McEnroe Organic Farm in the Hudson Valley produces about 30,000 cubic yards of compost annually, with feedstock including leaves, cow and horse manure, and food waste coming to the 440-acre site from as far away as New York City. When a stray manhole cover inadvertently found its way into the farm’s horizontal grinder, causing $40,000 in repair bills, partners Ray McEnroe and Douglas Durst decided to rethink their operation, which included investing in an Allu screening bucket. “We compost in Ag Bags, and the food waste needs to be ground up – otherwise you will have a full orange or grapefruit or melon in there,” explains Ray McEnroe. “The Allu bucket serves the purpose of grinding the materials, and if there’s a big piece of metal it just kicks it out.” The bucket came in at a fraction of the cost of the now-retired grinder, he adds. Major fuel savings have also been realized.
Operating on more than 800 acres, McEnroe Organic Farm sells a variety of produce, farm-raised meats and nursery products out of a bustling roadside store as well as wholesale to other retailers, growers and landscapers. Soil products include bagged compost blends, topsoil, potting soil, a nursery mix and a perennial mix.
STUDY QUESTIONS ENVIRONMENTAL BENEFITS OF WOODY BIOMASS
A six-month Massachusetts Department of Energy Resources (DOER) commissioned study to assess the relative environmental benefits and costs of burning woody biomass for energy has raised some serious concerns. Questions addressed in the study included: 1) How much wood is available from forestland for biomass energy in Massachusetts; 2) What might be the impact of increased biomass harvests on forest ecosystems, and; 3) What are the carbon accounting (climate science) implications of using forest biomass for energy?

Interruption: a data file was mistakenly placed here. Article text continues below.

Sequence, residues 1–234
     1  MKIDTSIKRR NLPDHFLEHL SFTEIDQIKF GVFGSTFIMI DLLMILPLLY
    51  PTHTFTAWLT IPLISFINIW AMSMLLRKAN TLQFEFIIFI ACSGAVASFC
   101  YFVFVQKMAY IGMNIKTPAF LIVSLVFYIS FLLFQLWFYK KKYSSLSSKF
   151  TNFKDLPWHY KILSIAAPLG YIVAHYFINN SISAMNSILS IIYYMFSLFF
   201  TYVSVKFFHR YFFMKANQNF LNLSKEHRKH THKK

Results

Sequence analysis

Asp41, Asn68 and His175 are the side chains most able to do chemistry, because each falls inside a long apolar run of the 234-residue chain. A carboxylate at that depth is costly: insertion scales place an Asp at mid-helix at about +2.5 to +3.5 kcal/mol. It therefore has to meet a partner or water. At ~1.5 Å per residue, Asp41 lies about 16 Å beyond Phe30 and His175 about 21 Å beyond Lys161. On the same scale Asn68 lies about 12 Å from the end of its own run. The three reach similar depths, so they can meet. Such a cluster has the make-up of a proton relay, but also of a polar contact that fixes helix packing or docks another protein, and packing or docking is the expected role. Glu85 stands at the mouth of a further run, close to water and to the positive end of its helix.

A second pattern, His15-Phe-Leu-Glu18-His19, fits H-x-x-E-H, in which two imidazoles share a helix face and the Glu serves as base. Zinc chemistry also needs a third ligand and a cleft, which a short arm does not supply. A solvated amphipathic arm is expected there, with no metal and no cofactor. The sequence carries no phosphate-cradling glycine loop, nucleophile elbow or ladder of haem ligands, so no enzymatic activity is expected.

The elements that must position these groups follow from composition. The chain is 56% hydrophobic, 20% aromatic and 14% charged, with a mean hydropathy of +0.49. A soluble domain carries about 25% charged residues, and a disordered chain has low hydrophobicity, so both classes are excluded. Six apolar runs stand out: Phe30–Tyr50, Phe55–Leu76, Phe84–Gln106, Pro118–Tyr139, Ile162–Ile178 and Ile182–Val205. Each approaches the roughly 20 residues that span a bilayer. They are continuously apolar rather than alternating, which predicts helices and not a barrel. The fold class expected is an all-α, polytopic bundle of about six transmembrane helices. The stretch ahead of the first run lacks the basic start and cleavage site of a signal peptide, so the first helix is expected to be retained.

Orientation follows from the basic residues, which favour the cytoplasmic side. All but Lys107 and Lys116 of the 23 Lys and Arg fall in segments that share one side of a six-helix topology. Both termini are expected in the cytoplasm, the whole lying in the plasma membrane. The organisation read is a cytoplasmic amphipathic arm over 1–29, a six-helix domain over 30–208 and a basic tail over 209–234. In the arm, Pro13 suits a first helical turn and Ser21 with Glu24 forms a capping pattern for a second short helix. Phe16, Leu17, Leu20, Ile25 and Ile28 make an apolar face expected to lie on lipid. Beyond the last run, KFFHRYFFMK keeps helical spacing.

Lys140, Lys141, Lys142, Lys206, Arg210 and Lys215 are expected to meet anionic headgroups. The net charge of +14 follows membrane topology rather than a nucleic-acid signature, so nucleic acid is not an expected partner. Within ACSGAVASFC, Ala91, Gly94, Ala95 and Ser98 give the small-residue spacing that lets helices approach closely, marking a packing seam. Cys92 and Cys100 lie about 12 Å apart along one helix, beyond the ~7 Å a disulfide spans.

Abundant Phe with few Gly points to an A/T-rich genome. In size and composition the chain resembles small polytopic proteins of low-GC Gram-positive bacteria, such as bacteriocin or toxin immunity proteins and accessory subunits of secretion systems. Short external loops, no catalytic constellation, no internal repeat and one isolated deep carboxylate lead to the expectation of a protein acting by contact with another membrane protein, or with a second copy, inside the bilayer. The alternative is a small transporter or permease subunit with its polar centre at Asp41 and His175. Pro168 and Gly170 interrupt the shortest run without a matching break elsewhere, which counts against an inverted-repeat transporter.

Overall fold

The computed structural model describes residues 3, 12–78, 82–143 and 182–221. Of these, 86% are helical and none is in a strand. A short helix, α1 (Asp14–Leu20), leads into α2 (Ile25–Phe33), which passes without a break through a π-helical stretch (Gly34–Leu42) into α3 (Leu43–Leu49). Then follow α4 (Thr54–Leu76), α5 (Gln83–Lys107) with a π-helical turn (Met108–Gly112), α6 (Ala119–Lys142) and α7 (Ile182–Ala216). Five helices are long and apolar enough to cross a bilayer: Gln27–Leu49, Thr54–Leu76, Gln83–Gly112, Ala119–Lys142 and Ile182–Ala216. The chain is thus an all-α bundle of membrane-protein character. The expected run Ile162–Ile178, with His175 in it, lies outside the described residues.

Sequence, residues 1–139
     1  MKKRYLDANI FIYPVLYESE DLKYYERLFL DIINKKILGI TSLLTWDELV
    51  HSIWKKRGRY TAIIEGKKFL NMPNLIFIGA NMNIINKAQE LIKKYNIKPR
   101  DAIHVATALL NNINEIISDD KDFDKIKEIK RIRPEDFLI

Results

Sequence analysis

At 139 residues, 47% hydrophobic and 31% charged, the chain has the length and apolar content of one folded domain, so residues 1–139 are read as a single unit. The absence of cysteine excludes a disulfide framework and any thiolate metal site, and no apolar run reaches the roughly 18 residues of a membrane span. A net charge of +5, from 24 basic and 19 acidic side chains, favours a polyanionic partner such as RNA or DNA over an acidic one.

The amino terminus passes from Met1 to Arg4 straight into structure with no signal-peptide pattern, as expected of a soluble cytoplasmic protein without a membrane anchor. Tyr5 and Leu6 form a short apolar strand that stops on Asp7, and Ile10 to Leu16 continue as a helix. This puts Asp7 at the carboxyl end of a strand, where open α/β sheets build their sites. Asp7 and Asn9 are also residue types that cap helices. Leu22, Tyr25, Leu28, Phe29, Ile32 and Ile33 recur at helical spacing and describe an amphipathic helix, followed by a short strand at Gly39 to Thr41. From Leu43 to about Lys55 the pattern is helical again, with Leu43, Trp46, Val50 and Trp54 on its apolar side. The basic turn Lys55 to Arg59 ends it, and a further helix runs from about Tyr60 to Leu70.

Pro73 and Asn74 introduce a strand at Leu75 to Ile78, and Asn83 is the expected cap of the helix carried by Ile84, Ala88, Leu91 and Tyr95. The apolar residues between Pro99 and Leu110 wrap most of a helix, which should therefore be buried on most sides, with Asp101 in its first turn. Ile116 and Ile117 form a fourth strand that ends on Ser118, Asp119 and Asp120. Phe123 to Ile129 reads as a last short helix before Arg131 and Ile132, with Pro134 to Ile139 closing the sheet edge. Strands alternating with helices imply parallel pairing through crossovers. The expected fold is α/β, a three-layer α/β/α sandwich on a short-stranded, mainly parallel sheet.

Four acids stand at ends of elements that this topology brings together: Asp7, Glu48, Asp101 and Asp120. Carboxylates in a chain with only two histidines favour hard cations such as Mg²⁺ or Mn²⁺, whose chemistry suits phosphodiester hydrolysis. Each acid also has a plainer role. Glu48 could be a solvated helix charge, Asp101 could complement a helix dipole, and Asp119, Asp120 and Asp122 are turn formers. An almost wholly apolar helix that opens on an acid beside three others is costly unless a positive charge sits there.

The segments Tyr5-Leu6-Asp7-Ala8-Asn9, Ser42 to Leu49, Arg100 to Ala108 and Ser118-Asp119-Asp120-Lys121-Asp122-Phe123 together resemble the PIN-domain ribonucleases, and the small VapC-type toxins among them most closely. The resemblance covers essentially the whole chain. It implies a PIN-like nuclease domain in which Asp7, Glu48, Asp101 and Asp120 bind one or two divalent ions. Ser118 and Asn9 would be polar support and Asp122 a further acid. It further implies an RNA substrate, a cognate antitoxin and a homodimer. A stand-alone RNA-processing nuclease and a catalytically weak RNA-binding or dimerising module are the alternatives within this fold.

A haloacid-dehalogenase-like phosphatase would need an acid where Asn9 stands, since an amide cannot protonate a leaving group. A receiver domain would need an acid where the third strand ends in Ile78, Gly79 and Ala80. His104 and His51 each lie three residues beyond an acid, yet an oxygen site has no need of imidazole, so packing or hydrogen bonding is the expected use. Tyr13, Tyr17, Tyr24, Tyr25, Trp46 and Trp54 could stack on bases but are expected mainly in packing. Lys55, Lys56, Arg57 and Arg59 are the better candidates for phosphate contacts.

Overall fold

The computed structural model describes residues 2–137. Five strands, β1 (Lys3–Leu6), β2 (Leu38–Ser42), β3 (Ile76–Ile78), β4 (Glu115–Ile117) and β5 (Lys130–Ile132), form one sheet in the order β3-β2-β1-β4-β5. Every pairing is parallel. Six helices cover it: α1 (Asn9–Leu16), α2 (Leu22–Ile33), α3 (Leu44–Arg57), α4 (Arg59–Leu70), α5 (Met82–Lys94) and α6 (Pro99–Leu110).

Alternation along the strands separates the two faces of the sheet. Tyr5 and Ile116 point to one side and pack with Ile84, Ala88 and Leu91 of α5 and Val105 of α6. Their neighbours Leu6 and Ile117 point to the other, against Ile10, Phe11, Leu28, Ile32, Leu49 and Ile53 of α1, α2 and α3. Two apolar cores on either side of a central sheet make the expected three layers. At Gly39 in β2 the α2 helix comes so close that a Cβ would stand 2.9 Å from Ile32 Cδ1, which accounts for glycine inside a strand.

The study, drafted by the Manomet Center for Conservation Science, comes at the heels of a recent decision by the Massachusetts legislature not to vote into law an initiative that would have placed a cap on carbon dioxide emissions for any energy technology considered alternative (and, thus, eligible for the tax credits the designation affords). In recommending the “no” vote, an energy committee had cited studies in progress to evaluate greenhouse gas emissions and other concerns about woody biomass energy production. The committee said the proposed legislation was too broad in placing potential restrictions on other alternative forms of energy such as anaerobic digestion and that if the study in progress indicated that action need to be taken with regard to woody biomass then “it will take steps to enact the necessary restrictions at that time.”
A push to put the question to voters was rescinded July 7 after a letter from the Secretary of Energy and Environmental Affairs assured activists that the state would change the incentives provided to biomass energy to reflect the emerging science.